Beth Adams

Morning Edition Host

Beth Adams joined WXXI as host of Morning Edition in 2012 after a more than two decade radio career. She was the longtime host of the WHAM Morning News in Rochester, where she was recognized for her work by the New York State Associated Press Broadcasters Association and the New York State Humane Society. Her career also took her from radio stations in Elmira, New York to Miami, Florida.

Beth is active in the Rochester community, having volunteered for organizations including the Humane Society at Lollypop Farm, the Heart of Gold Children's Foundation, the Rochester Press Radio Club Children’s Charities, and the Rochester Broadway Theater League Education Committee.  She is an avid reader of historical fiction and a devoted animal lover. Beth is married to award-winning writer and author Scott Pitoniak. 

Ways to Connect


In an effort to increase access to addiction treatment services in the wake of the opioid crisis, the New York State Health Department is giving hospitals an opportunity to add more in-patient detox beds.

The Office of Alcoholism and Substance Abuse Services (OASAS) is temporarily waiving a certification requirement that would allow hospitals to add detox beds through the end of this year. 

Monroe County currently only has 25 such beds, even though addiction specialists say the need is four to five times that amount.

Student-led protests against gun violence will be held throughout the U.S. and in the Rochester area on Wednesday.

At 10 a.m., students plan to walk out of school for 17 minutes of silence in remembrance of the 17 people who were gunned down in a mass shooting at Marjory Stoneman Douglas High School in Parkland Florida last month.

At World of Inquiry in Rochester, 300 ninth through twelfth graders are expected to take part in a march from their school to Martin Luther King, Jr. Park.


The search for Trevyan Rowe last weekend mobilized Rochester's autism community in a way one member says they've never seen before.

"The wandering away and death of a child with autism is every parent's worst nightmare," said Rachel Rosner, director of education and community training at AutismUp.

Beth Adams/WXXI News

The new leader of Rochester's Mental Health Association understands what it's like to be an immigrant who doesn't always feel welcome in a community.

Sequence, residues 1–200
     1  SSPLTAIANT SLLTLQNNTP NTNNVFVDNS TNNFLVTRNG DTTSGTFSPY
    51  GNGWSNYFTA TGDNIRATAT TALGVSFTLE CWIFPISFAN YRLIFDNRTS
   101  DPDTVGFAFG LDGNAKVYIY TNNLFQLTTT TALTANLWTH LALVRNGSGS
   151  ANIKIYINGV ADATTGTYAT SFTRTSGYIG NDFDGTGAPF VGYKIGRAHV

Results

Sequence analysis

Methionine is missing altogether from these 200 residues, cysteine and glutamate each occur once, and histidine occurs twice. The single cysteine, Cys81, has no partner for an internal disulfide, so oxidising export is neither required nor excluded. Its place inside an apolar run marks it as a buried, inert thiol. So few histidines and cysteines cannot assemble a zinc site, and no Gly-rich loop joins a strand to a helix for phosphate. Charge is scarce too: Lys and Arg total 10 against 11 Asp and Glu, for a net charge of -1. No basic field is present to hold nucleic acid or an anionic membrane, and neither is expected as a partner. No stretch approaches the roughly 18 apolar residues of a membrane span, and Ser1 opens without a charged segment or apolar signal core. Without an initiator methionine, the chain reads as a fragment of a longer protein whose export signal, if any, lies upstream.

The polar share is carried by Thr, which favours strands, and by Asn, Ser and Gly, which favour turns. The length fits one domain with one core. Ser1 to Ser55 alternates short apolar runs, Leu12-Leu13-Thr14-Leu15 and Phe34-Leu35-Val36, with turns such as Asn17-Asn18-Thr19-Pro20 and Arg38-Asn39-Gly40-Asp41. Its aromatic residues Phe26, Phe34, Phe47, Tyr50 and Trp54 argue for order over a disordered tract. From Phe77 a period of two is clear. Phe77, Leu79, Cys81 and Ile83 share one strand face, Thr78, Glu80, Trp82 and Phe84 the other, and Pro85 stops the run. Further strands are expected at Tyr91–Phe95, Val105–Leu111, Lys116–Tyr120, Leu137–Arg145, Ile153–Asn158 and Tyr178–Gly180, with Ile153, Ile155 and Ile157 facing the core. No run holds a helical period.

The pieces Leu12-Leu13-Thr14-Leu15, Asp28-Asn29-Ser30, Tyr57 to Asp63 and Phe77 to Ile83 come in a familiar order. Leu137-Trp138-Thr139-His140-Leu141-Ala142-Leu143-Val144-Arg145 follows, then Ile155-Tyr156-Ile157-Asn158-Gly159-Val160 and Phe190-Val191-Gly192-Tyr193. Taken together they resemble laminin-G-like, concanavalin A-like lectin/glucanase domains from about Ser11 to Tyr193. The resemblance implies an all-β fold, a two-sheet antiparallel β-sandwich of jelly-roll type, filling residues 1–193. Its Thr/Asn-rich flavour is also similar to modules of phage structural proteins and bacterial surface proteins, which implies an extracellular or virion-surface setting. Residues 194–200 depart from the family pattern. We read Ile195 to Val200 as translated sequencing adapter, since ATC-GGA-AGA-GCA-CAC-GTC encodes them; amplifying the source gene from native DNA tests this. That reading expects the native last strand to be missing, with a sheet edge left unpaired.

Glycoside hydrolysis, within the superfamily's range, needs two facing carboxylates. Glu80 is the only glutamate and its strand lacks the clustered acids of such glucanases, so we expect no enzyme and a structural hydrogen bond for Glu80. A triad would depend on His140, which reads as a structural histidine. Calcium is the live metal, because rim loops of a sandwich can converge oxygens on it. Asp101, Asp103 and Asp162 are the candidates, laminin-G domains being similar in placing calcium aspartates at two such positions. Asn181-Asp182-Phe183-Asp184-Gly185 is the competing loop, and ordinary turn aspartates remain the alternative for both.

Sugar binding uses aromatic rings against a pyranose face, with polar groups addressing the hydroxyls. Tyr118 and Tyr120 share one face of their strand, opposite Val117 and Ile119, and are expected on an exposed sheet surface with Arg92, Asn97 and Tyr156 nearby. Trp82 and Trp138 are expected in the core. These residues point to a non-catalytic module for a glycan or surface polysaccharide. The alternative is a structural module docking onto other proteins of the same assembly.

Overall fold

He also knows what it's like to be bullied and battle addiction.

Chacku Mathai is drawing on his own life experiences for guidance as he works to address the mental health needs of the community.

Click on the LISTEN link above to hear Mathai talk about his personal history and how it will inform his work.  He also talks about how mental health access and screening fit into the national conversation about gun violence.

freeimages.com/Tim Ambler

Krista Damann has both a professional and personal interest in dementia.

Damann, a neuropsychologist at Rochester Regional Health’s Memory Center, has a 92 year old grandmother with Alzheimer’s disease.

“She's to the point now where she is completely dependent upon my mother and my aunt for her care, so her functioning is greatly diminished. She recognizes that she knows me, but she might not be able to say who I am. The essence of my grandmother is still there, her spunk."

freeimages.com/Cathy Kaplan

As part of the ongoing effort to stem the heroin and opioid crisis, a number of service providers are getting together Monday to offer support for people who are struggling with addiction and their families.

The Monroe County Heroin Task Force is hosting the outreach event, along with Rochester Regional Health and several local recovery groups and agencies. 

J. Adam Fenster/University of Rochester

The history of immigration in Rochester and its refugees is the theme of a theatrical piece that debuts tonight as part of the University of Rochester's International Theater Program. 

Australian-South African director, writer, and theater artist Talya Chalef co-created the piece with an ensemble of UR students.

Click on the LISTEN link above to hear Talya about her research in the city of Rochester's archives as she gathered material for the play called "We Don't Live on Mars Yet."


The chief medical investigator at the Monroe County Medical Examiner's office is urging people to be their own advocate when it comes to pain management.

Bob Zerby, whose job includes the oversight of field investigations and autopsies, has witnessed firsthand the surge in heroin and opioid-related deaths in recent years.  Death is the great equalizer, he says, but there is no one profile of an opioid or heroin user.

"There are no boundaries - rich or poor, inner city or suburban, black or white - it doesn't matter. It's everybody."

Dave Zimmerman

When an orangutan at the Seneca Park Zoo recently had an echocardiogram, there was both a veterinarian and a cardiologist who normally treats humans at his side.

The exam of 16 year old Denda was part of the Great Ape Project, a national effort investigating cardiovascular disease in great apes.

"Ape hearts are so similar to humans', so using a human cardiologist is a good way for us to have a really accurate cardiac exam," said Dr. Louis DiVincenti, the zoo's director of Animal Health and Conservation. 

Beth Adams/WXXI News

Inspired by the vocal protests of students in South Florida whose high school was the scene of a deadly mass shooting last week, local students are organizing their own demonstrations to call for an end to gun violence.

"All kids consider, 'Okay, I'm in Math class. Which window am I gonna jump out of if there's a school shooter?', said Brighton High School senior Dylan Holcomb. “Any time there is an unannounced drill, the first thing that goes through our mind is, 'Oh my God, is there a school shooter?' "